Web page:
Compass saws have a narrow, tapered blade usually ending in a sharp point, typically with eight to ten teeth per inch, but up to twenty teeth per inch for harder materials and as few as five teeth per inch for softer materials. They have a curved, light "pistol grip" handle, designed for work in confined spaces and overhead.
Compass saws are suitable for cutting softer woods, plastic, drywall, and non-ferrous metals. The pointed tip of the blade can be used to penetrate softer materials without the need for a pilot hole.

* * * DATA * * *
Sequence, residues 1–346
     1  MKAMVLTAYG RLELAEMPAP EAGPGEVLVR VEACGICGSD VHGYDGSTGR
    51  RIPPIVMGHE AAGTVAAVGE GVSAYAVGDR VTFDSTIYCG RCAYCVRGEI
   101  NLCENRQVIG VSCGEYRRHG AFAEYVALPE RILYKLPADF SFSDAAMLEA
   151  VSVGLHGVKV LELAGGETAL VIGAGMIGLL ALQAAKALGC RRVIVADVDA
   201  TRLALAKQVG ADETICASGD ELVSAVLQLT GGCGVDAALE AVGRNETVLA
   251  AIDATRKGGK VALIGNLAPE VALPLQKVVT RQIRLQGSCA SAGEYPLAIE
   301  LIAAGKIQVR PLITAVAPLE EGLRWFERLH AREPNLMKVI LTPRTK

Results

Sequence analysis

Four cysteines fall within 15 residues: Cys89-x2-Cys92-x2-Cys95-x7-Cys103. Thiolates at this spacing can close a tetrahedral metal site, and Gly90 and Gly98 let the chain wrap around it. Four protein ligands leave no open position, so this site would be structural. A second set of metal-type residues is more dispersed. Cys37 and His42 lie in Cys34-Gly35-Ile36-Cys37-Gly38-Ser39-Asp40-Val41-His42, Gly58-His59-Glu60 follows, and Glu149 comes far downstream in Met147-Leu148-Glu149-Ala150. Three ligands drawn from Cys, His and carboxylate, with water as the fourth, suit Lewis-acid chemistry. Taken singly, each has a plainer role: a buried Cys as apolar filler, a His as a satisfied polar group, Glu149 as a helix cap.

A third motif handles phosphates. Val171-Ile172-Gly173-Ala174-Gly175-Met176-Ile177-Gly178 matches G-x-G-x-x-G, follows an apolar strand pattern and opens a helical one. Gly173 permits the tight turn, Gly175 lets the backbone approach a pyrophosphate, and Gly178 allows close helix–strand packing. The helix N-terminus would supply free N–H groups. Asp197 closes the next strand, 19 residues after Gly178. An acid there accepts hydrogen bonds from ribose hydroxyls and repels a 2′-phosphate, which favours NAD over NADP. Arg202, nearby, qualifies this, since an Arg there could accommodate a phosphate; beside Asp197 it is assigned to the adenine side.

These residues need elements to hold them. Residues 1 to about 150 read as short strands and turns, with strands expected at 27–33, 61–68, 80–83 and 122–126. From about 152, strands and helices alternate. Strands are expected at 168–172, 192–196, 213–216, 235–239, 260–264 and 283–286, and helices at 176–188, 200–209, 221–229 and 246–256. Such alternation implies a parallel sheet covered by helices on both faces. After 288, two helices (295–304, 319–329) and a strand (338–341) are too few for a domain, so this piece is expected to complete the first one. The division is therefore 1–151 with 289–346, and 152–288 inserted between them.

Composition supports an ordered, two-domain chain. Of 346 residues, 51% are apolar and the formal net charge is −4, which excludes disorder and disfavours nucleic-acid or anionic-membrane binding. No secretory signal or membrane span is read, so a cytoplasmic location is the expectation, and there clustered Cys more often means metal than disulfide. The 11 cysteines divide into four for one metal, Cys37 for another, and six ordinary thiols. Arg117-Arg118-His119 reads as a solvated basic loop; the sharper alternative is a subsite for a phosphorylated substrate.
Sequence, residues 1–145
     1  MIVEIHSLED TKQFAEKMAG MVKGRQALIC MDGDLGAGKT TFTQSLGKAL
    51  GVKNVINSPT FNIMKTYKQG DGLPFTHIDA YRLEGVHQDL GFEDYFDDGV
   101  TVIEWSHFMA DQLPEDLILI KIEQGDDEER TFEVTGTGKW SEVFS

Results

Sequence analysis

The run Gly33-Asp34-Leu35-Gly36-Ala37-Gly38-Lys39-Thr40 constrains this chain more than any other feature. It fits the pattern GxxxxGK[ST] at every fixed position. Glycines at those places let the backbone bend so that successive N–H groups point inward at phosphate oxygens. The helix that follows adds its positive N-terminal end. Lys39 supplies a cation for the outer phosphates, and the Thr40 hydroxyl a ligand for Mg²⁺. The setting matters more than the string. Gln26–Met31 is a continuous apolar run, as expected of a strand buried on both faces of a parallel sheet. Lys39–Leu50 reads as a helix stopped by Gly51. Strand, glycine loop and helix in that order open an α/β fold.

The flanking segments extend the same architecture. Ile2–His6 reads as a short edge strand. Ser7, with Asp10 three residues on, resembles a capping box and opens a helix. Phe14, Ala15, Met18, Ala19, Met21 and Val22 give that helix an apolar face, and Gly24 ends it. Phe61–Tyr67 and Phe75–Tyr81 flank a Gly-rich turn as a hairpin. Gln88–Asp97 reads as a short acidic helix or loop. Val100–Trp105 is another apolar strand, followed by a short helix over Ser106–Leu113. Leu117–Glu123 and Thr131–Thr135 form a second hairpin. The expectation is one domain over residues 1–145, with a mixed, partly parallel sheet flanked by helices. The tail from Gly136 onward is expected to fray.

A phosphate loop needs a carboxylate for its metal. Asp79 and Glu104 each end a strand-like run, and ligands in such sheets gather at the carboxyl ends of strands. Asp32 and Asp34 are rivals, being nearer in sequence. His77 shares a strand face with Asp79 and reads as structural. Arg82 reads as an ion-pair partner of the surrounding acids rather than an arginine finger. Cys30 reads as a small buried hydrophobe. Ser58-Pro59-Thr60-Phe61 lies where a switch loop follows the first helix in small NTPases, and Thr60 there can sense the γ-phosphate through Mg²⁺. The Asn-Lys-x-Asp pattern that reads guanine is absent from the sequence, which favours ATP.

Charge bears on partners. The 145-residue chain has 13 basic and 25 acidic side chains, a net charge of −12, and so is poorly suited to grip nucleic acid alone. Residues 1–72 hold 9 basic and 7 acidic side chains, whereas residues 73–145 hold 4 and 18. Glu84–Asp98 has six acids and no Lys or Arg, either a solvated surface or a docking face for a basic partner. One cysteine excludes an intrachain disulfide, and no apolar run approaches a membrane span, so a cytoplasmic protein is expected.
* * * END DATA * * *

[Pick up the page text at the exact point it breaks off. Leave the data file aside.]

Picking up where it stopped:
Comparison with other types of saws
Compared with other saws designed for cutting curves, such as coping or fretsaws, compass saws have a larger blade and fewer teeth per inch. This allows them to cut more quickly, and to cut through thicker materials, but leaves a rougher finish.
Compared with drywall saws, compass saws typically have a longer blade – at 150 to 300 millimetres (5.9 to 12 in) – and more teeth per inch.
Keyhole saws, also called padsaws or jab saws, feature shorter, finer blades and (often) straight handles, and are suitable for cutting extremely tight curves.